What Makes Wells Fargo & Co (WFC) a Special Business?

Warren Buffett likes special businesses. For many of the businesses he owns, the uniqueness is obvious; anyone can see that The Coca-Cola Company (NYSE:KO), The Procter & Gamble Company (NYSE:PG), and American Express Company (NYSE:AXP) are not replicable and enjoy significant competitive advantages. However, for one Buffett favorite —Wells Fargo & Co (NYSE:WFC) — the word ‘special’ may not jump out at the average investor.

Wells Fargo is the second-largest U.S. bank by deposits, but it is not just any megabank. Wells Fargo is a truly wonderful bank with a long history of strong management and a unique culture that enables it to routinely be more profitable than its peers, even while taking fewer risks.

Wells Fargo & Co (NYSE:WFC)

Financial evidence of superiority

According to Morningstar, Wells Fargo & Co (NYSE:WFC) has funded its assets (interest paid on deposits and similar liabilities is the bank’s cost of funding) at an average cost of 1.3% over the last decade — 20% lower than the nearest competitor. Since banks generate profits based on the spread between cost of funding and return on investments (loans, trading, etc), a low cost of funding is critical to a bank’s success.

Over the last decade, Wells Fargo has earned a consistently higher return on assets and return on equity than JPMorgan Chase & Co. (NYSE:JPM)Bank of America Corp (NYSE:BAC), and Citigroup Inc. (NYSE:C). Since return on assets and return on equity are key measures of a bank’s profitability, Wells Fargo’s superiority on these metrics should set off an immediate signal that there is something special about its operations.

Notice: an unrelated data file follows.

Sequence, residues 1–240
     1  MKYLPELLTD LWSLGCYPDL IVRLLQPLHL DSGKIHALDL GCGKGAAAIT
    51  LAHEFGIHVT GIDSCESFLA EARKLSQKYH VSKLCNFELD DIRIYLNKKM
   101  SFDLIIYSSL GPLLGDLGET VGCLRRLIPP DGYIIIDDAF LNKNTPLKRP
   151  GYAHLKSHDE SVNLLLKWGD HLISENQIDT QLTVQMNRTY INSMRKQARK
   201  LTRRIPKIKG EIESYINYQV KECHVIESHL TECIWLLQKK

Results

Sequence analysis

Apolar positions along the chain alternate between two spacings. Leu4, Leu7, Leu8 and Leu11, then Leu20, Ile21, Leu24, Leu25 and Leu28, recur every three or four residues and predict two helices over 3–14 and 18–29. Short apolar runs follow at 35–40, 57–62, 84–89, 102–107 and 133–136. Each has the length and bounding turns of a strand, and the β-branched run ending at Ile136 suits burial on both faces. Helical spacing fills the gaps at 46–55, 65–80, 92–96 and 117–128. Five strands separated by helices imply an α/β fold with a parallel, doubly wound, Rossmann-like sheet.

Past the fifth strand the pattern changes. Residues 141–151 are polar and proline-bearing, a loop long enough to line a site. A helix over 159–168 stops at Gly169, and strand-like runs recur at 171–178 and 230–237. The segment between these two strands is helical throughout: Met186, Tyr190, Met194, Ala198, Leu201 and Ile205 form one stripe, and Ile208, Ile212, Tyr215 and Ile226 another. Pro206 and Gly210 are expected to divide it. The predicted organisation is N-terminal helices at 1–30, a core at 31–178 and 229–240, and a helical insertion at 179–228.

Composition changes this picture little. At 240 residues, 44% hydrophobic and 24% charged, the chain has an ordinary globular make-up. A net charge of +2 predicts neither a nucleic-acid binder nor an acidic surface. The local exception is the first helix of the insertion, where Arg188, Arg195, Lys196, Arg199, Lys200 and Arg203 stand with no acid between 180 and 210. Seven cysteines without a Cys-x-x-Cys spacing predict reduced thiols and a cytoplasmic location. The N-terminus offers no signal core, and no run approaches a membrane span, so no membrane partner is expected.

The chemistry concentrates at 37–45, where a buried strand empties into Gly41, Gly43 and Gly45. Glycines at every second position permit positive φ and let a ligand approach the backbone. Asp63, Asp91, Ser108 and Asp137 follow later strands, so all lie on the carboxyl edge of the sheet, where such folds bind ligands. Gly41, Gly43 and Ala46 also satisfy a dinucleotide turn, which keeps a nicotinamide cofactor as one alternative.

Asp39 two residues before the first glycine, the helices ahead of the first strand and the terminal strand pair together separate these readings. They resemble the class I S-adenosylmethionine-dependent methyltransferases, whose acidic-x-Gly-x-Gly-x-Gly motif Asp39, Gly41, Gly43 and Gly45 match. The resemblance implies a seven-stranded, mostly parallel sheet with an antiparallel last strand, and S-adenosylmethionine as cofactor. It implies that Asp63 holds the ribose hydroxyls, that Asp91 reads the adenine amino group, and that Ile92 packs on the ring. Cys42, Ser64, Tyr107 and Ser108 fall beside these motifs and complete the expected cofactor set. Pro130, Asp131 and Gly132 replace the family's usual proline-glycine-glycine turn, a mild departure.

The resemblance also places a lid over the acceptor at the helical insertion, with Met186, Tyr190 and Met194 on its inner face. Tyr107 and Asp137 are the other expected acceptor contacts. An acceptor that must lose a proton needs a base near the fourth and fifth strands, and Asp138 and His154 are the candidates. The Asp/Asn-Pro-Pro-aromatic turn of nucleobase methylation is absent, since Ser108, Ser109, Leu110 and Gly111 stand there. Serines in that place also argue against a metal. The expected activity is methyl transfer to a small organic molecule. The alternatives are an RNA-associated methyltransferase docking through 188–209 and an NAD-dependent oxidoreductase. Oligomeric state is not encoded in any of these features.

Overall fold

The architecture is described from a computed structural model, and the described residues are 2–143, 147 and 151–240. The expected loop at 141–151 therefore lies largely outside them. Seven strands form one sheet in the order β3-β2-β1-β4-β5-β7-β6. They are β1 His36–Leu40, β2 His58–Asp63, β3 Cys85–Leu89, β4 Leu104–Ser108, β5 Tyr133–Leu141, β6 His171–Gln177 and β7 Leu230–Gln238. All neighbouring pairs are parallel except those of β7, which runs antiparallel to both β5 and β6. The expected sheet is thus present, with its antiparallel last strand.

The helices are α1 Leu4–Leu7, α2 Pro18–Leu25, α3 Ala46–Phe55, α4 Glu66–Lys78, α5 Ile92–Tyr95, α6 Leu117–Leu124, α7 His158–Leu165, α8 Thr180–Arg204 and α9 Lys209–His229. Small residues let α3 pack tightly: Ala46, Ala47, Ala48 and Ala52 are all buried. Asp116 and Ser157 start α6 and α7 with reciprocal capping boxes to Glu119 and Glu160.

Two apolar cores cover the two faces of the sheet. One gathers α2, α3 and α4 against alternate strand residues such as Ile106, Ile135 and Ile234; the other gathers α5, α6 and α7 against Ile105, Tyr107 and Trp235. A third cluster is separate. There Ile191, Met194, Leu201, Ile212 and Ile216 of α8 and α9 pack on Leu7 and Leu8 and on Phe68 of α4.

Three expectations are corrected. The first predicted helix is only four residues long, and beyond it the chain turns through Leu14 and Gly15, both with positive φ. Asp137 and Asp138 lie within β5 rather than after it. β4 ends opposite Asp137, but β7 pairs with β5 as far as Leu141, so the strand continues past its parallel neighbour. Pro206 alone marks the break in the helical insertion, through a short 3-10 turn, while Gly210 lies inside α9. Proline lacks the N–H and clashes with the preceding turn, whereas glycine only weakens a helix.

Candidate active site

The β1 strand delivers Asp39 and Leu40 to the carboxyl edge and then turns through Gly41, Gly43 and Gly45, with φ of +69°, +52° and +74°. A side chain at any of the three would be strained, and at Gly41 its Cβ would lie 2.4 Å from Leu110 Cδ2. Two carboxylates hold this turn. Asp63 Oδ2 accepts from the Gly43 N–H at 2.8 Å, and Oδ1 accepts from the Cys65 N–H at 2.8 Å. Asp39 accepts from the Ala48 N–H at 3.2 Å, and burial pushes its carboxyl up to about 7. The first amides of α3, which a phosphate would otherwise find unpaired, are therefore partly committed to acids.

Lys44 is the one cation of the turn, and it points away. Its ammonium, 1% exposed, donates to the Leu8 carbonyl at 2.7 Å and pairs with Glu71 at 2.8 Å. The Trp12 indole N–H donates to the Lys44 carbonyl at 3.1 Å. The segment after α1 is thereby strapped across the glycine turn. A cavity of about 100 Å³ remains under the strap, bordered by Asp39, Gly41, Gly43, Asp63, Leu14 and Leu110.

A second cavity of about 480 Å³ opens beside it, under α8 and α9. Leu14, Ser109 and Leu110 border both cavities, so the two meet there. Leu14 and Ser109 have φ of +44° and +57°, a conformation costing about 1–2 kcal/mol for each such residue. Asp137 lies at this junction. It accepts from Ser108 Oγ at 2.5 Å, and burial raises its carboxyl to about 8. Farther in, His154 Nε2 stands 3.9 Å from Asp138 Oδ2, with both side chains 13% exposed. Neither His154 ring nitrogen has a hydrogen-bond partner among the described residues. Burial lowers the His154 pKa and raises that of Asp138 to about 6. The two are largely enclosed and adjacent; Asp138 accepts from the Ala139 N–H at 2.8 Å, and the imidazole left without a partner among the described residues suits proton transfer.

Old-fashioned business

Wells Fargo has a simple business model. Plain vanilla bank services, like loan origination and servicing, make up the majority of Wells Fargo & Co (NYSE:WFC)’s activities, while its trading and derivatives operations are minuscule compared to other megabanks.

But what really sets the bank apart from the likes of Chase, Bank of America, and Citigroup is its devotion to customer service and cross-selling. It wants to earn 100% of each customers’ finance-related business. While it is true that all banks would like to have all of its customers’ business, no other bank has the deeply-ingrained culture that allows Wells Fargo & Co (NYSE:WFC) to cross-sell its customers on so many products.

Cross-selling has a number of benefits. For one, it is more cost-efficient to sign up a customer that already has a checking account at Wells Fargo for asset management services than it is to go out and convince an entirely new customer to sign up for Wells Fargo’s asset management services; the company estimates the cost of cross-selling to be just 10% of what it would cost to acquire a completely new customer.

In addition, the more services a customer uses at the bank, the more loyal that customer is likely to be. Transferring all of one’s accounts to a new bank is no simple matter, and Wells Fargo’s focus on customer retention makes this an even more remote possibility. As a result, Wells Fargo & Co (NYSE:WFC) retains a large share of its customers for many years.